Doug Reside, Digital Curator of Performing Arts, New York Public Library, has released a promising mobile app called Libretto (link is external), a prototype open source, e-book reader for reading musicals. So far it is only available on Android devices. Libretto allows you to compare different versions of a musical--not only the text, but the music as well.
A new database has just been released from the Institute of Musicology, University of Fribourg (Switzerland); the Fondazione Giorgio Cini, Venice (Italy); and the Swiss RISM Office, Bern:
Printed Sacred Music in Europe, 1500-1750
The Paris-based Museum of Music keeps archives from luthiers, instrument makers and musicians. Several hundreds of these documents are now accessible online. These archives testify to evolutions both in instrument-making and in the musical scene during the 19th and 20th centuries. In particular, they comprise registers from Érard, Pleyel and Gaveau, from Nicolas Lupot, Gand and Bernardel’s instrument-making workshops, and they also include substantial correspondence between luthiers Chanot and Chardon. The main part of these archive collections - comprising extremely fragile documents, sometimes in poor condition - was digitized and uploaded for safe-keeping and accessibility purposes, as testimony.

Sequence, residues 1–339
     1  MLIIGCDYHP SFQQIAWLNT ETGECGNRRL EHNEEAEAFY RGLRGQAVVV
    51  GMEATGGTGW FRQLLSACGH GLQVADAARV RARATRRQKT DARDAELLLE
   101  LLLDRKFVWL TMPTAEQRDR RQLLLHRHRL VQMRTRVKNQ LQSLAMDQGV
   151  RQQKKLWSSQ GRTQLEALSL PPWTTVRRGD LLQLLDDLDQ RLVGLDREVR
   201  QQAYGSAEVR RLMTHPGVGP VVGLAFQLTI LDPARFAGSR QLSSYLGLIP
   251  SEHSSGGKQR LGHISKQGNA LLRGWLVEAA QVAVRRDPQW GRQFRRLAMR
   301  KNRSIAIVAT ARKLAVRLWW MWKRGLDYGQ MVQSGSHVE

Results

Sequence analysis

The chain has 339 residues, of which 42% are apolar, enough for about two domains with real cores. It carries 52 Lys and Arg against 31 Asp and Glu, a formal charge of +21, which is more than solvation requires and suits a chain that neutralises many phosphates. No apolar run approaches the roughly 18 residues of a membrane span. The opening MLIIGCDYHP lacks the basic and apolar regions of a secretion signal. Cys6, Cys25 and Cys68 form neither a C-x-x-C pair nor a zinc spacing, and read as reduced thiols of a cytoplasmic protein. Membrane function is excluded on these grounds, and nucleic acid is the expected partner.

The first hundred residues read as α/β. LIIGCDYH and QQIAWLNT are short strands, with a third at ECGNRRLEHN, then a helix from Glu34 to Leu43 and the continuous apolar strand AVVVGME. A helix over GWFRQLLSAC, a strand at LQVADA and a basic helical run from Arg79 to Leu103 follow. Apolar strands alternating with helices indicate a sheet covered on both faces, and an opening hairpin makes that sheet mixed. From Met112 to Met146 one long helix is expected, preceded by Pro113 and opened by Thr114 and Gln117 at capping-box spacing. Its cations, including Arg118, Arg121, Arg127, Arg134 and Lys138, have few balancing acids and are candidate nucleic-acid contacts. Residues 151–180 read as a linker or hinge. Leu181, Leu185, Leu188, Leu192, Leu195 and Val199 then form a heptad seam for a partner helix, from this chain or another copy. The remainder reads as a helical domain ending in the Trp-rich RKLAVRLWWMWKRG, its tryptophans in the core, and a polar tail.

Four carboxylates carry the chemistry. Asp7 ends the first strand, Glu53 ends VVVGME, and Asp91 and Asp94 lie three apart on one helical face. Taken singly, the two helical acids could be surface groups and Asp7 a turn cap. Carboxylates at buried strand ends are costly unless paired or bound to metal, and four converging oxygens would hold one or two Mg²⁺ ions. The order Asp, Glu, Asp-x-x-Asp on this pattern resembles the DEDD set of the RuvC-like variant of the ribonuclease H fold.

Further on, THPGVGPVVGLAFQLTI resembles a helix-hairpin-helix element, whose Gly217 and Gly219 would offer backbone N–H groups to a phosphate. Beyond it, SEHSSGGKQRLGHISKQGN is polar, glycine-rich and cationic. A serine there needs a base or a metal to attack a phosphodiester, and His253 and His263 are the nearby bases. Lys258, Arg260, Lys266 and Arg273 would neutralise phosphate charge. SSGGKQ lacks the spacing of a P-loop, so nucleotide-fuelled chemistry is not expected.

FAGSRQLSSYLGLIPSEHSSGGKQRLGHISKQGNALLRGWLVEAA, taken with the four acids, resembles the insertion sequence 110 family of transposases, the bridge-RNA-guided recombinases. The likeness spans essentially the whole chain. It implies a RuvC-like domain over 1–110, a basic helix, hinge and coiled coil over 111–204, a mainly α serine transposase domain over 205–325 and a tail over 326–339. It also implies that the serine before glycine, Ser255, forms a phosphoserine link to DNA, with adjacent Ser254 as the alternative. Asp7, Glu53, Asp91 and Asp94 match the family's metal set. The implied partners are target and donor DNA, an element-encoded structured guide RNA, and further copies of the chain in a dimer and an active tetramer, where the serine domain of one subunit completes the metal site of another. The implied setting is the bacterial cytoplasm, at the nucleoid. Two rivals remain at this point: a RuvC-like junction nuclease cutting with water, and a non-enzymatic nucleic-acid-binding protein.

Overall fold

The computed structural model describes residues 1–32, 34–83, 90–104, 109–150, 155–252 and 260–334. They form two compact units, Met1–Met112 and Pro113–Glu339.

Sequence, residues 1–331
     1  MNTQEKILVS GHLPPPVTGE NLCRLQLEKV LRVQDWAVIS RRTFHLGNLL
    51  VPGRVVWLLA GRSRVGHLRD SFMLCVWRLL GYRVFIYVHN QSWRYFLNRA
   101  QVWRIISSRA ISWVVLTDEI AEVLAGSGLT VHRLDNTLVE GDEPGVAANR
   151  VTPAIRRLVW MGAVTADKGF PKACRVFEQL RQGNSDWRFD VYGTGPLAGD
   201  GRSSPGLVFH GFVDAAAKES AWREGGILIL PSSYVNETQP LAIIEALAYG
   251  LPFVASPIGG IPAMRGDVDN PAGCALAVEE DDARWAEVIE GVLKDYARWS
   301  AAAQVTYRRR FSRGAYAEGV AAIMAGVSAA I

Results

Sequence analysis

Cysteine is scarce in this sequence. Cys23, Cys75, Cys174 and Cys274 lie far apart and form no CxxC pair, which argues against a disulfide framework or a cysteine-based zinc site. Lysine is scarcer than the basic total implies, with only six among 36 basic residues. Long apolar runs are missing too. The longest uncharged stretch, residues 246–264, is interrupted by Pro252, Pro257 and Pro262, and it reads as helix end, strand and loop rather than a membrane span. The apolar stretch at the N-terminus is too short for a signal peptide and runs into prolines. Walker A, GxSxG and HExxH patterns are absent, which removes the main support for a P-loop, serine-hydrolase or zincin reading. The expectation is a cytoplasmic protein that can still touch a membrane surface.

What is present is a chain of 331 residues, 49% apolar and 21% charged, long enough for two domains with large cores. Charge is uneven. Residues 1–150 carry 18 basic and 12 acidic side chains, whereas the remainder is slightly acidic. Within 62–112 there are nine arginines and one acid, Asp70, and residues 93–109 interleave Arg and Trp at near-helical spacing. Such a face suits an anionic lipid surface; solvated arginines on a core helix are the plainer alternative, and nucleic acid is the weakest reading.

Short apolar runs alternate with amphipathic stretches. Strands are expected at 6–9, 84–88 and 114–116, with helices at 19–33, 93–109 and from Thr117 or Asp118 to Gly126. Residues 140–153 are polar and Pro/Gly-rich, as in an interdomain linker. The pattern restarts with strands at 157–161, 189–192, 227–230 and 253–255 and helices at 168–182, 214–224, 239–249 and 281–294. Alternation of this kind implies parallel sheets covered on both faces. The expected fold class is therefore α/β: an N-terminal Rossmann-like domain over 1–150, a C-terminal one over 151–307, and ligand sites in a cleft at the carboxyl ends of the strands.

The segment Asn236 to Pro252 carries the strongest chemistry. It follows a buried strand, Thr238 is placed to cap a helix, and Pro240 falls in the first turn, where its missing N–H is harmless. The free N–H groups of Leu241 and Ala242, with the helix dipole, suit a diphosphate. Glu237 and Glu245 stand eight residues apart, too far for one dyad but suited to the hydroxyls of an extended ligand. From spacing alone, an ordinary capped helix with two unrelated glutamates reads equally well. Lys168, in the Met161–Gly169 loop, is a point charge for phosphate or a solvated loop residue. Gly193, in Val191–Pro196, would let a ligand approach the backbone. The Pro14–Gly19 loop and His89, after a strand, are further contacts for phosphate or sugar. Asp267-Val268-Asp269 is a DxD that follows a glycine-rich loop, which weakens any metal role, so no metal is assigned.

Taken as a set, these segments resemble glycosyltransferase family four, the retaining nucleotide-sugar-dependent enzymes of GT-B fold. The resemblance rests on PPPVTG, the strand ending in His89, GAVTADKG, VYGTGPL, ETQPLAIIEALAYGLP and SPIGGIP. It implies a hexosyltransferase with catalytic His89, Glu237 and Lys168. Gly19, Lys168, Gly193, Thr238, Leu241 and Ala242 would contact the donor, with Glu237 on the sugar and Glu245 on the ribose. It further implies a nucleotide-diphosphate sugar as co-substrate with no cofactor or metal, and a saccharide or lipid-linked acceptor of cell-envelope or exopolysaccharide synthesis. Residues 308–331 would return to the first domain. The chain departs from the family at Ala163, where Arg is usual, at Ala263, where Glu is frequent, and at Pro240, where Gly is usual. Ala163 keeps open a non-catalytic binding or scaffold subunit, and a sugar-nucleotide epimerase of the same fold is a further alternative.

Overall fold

As we read from our colleague Santie de Jongh on IAML-L earlier this week, there is a new resource from South Africa: the Directory of South African Music Collections (link is external). Its goal is to "collat[e] information on special music collections in South Africa in order to stimulate music research on South African materials in South Africa and internationally." It includes information from 37 institutions and will continue to grow.
There is currently a major dispute going on between DIAMM (Digital Image Archive of Medieval Music) and IMSLP (International Music Score Library Project) over the latter's copying of free manuscript images from DIAMM with consequent invalidations of DIAMM's contracts with some owning libraries. IMSLP is saying the images are out there so they are free to use but DIAMM says that because of this some libraries have already withdrawn images and others might well refuse to allow further digitization. There has been a lot of discussion on MLA-L and on the IMSLP forums. This needs to be brought to the attention of the international music librarian community and your reactions are welcome.